“Peace is always beautiful” – Walt Whitman
The past few weeks have been crazy. It’s the time of year when I’m rushed off my feet with work and so is everyone else around me. It’s stress central.
Last week I witnessed two colleagues (on separate occasions) go to the coffee bar at work, order their coffee, pay the barrista, and leave without picking up their drink. It wasn’t that they were fed up with waiting and left in protest (bless his cotton socks, the coffee guy is pretty swift). They simply forgot. I could see it in their stressed out faces – in their heads they had a “to do” list. On it was “get coffee”. They’d ticked that task off the list as soon as the money was handed over and that was that. Job done. Coffee purchased. Next!
It made me think (albeit briefly, given that most of my brain was occupied with my very busy day) how the amount of stress and pressure we live with disconnects us from our selves. We are perpetually carried along on an increasing tide of tasks, like a merri-go-round that never stops. Our working lives are more and more pressured. We live in an increasingly connected world, where instant messaging and continuous Internet connections mean that we are permanently contactable, hooked to a screen of some sort, engaged in heaven knows how many micro-conversations at once, every waking hour of the day, to the point that we are becoming completely disconnected from our own spirit (and thirst, apparently).
Let’s take my life by way of example: I do not have a high-powered job with huge responsibility. I do not respond to emergency situations, nor do I hold others’ lives in my hands. Yet, like many people on the planet these days I can be contacted 24 hours a day, 7 days a week. I frequently receive work-related e-mails in the middle of the night, and I wonder what’s worse: that people send them, or that I actually read them? And what’s the first thing I do when I wake up in the morning? Grab my phone, check my messages and see who has commented on my Facebook.
Why do I feel at such a loss if I forget to put my mobile phone in my handbag and therefore can’t check my e-mails, Facebook, or Instagram, when I’m sitting on the bus, on a train or in the park, or walking down the street? It’s ridiculous. Hopefully I’m not as far gone as the man who sat across the aisle from me on the plane the other week. It’s hard to describe the look of horror on his face when his enquiry as to whether there was wifi onboard was met with a negative response. I have to admit I wondered what dreadful ill would befall him if he didn’t have Internet access for a full 90 minutes.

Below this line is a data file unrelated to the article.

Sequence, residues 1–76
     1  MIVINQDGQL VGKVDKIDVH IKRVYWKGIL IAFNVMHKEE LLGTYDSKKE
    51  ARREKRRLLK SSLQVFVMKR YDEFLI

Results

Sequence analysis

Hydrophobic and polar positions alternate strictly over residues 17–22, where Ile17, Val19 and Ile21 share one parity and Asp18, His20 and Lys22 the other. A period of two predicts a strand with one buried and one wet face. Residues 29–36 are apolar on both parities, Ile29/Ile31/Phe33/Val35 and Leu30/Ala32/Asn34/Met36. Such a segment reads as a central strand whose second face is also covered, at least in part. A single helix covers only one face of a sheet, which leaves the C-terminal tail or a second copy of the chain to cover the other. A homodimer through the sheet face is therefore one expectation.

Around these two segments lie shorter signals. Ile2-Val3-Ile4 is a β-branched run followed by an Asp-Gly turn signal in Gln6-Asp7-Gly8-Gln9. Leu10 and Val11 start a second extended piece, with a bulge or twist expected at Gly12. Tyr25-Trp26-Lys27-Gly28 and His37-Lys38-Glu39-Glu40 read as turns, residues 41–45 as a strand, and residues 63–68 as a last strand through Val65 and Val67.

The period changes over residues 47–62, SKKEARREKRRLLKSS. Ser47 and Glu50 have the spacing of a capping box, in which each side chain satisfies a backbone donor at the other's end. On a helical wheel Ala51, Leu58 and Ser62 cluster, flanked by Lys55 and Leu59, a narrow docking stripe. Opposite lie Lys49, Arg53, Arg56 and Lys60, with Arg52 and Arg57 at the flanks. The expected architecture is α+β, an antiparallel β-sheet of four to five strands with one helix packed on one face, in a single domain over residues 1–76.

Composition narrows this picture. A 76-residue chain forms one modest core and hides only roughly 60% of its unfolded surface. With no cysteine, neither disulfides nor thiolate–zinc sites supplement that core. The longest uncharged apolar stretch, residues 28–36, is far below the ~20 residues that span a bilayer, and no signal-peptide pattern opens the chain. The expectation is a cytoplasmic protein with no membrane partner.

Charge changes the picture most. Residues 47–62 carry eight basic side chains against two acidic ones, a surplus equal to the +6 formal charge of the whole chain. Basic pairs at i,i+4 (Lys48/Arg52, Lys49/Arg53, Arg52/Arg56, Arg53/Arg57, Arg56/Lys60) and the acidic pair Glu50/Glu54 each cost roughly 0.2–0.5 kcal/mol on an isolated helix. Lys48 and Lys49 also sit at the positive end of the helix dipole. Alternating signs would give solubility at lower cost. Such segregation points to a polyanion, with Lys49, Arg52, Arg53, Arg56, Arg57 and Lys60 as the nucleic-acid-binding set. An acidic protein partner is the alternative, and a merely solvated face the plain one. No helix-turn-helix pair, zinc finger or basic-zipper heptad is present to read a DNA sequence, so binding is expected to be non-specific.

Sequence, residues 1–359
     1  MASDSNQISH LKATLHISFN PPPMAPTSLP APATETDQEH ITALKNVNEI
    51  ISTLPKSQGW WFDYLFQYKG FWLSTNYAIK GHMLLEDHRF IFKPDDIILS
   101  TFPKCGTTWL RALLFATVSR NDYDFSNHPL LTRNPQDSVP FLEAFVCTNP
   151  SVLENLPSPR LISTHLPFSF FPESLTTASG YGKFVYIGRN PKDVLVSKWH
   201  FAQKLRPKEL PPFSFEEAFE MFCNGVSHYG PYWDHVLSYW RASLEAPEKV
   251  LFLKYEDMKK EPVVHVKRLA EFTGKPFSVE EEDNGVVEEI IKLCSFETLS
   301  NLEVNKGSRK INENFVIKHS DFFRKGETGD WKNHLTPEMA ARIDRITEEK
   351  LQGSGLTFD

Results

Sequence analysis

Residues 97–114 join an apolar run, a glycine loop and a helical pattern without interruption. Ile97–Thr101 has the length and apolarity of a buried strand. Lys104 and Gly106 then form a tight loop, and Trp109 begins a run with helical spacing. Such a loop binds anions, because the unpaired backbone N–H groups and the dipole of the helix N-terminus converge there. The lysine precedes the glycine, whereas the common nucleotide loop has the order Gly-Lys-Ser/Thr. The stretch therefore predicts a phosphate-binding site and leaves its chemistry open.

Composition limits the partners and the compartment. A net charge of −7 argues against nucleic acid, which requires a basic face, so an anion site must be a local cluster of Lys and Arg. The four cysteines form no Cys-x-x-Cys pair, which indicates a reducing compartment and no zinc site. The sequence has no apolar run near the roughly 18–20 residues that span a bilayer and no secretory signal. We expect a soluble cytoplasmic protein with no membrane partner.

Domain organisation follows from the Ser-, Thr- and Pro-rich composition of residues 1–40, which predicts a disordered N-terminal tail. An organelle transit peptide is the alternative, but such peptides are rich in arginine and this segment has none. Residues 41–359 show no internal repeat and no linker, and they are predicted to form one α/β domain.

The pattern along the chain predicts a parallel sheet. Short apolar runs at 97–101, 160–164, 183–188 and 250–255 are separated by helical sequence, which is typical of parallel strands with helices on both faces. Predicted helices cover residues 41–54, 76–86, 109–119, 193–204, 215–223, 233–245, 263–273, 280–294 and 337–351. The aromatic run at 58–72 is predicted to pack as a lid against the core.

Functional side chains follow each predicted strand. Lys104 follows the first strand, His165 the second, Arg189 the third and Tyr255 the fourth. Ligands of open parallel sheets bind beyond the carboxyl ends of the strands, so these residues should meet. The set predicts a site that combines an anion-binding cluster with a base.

One of the things on my list of 50 things I want to do in life is “learn to meditate”. A few weeks ago I was in the happy situation of being at home without any work-related travel for a grand total of six weeks. It just so happened that during five of them, a meditation course for beginners was being held at the local Kadampa Buddhist Centre.
The course was about being a good friend to yourself and others. We began by considering “what constitutes a good friend?” Someone who’s happy, positive, considerate, attentive, reliable, trustworthy…. the list of positive attributes went on. Next question – how can we be those things to ourselves? The answer, of course, being that the peace, grounding and loving kindness we cultivate through meditation will lead us to this state naturally.
Sounds simple enough.
We went on to consider how our busy, interconnected lives have led us away from “being” and towards “doing”. We are all constantly on the go, in front of a screen, being overwhelmed with all manner of stressful stuff: from unrealistic images of lifestyle, body and beauty, to unrealistic demands of work and study. We are already designed to be our own harshest critic, but now – with increasing images of “perfection” being rammed down our throats – our criticisms are becoming ever harsher. And not only that, but we set ourselves up to be judged by others with metronomic regularity: every social media post is an invitation for people we know – and in some cases those we don’t – to pass judgement on our day to day. How many times do we return to those posts, hoping to find a few more “likes”?
So how do we give ourselves a break, when we’re sucked into this whirlwind of activity and judgement? How do we leave the vicious cycle of seeking external validation but finding yet more reasons to think we’re not good enough? When are we going to learn to stop, wake up and smell the coffee? Or, better still, remember to collect it, drink it and savour it?! Where the hell is the “pause” button?
The answer: “you just do”. You just stop. Stop judging. Give yourself a break. Sit still and breathe and find a moment of calm among the madness. Once you’ve found it, you know it exists. And you can cultivate it. Nurture it. Grow it into a greater sense of being. A greater awareness of self.
Wonderful news. But easier said than done.
Maybe it was because we’d not only discussed these things in detail but also because we’d experienced moments of calm during the meditation course that the stress and manic rhythm of the past few weeks at work has felt even worse than usual and seemed, in many ways, more ludicrous than ever.
Things have calmed down a little now. So perhaps it’s a good time to have a go at pressing pause. To do this, I’m ready to do a little experiment. I suspect it’s going to be difficult…
Here are the rules:
1) No Facebook or Instagram for two weeks.
2) No e-mail before 8 am or after 8pm for two weeks.
3) Do 10 minutes’ meditation every morning on waking up, for two weeks.
I’ll be back in two weeks to let you know how I got on. If you’d like to join me, even if just for a couple of days, it would be amazing. I’d love to hear about your experiences!